The Works of the Rev. Jonathan Swift/Volume 11/From Jonathan Swift to William King - 10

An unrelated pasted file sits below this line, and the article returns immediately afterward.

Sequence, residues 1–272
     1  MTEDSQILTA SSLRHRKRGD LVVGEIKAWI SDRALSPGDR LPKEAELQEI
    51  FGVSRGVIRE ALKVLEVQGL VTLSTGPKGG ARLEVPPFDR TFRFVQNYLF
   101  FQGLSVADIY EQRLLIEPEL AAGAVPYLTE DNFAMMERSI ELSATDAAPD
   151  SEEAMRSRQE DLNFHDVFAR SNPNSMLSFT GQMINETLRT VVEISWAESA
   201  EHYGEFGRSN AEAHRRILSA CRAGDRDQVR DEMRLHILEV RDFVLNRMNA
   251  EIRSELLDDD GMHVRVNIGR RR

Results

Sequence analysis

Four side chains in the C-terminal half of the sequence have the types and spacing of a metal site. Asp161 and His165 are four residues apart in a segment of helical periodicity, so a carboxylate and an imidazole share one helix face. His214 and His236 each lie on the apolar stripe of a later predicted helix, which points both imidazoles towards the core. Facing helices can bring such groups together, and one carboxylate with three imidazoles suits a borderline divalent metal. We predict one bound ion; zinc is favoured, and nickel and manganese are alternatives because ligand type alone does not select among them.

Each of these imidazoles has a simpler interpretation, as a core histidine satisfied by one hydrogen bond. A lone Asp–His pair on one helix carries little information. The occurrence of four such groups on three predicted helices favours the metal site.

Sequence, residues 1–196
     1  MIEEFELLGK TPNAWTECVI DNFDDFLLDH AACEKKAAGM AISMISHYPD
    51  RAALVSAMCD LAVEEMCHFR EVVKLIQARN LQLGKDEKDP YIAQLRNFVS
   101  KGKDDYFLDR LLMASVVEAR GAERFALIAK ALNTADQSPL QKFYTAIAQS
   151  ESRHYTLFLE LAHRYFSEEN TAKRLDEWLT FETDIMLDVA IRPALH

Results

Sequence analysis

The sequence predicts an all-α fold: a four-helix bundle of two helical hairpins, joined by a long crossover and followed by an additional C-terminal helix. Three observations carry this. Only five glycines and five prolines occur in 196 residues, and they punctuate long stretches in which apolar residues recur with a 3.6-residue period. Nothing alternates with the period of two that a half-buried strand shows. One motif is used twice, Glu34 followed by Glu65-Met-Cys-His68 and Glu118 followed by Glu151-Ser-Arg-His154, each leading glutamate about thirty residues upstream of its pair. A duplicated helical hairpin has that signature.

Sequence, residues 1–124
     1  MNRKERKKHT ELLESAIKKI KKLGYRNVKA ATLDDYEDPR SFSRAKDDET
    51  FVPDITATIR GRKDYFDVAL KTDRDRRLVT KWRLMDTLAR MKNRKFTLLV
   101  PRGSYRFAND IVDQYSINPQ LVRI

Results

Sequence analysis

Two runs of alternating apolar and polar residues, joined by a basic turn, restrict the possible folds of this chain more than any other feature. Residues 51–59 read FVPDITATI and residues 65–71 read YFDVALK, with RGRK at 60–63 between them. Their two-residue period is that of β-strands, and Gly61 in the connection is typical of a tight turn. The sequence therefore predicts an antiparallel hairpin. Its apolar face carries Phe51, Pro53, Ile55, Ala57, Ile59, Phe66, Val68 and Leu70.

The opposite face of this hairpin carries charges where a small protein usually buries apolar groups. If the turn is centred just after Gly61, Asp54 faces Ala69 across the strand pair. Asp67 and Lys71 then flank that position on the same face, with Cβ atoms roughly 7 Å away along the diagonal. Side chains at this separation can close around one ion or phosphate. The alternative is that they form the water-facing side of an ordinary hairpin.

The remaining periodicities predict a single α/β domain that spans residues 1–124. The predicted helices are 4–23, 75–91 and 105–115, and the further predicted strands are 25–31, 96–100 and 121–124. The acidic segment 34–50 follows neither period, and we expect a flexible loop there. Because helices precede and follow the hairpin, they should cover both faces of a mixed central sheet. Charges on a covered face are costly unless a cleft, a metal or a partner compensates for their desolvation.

LONDON, NOV. 28, 1710.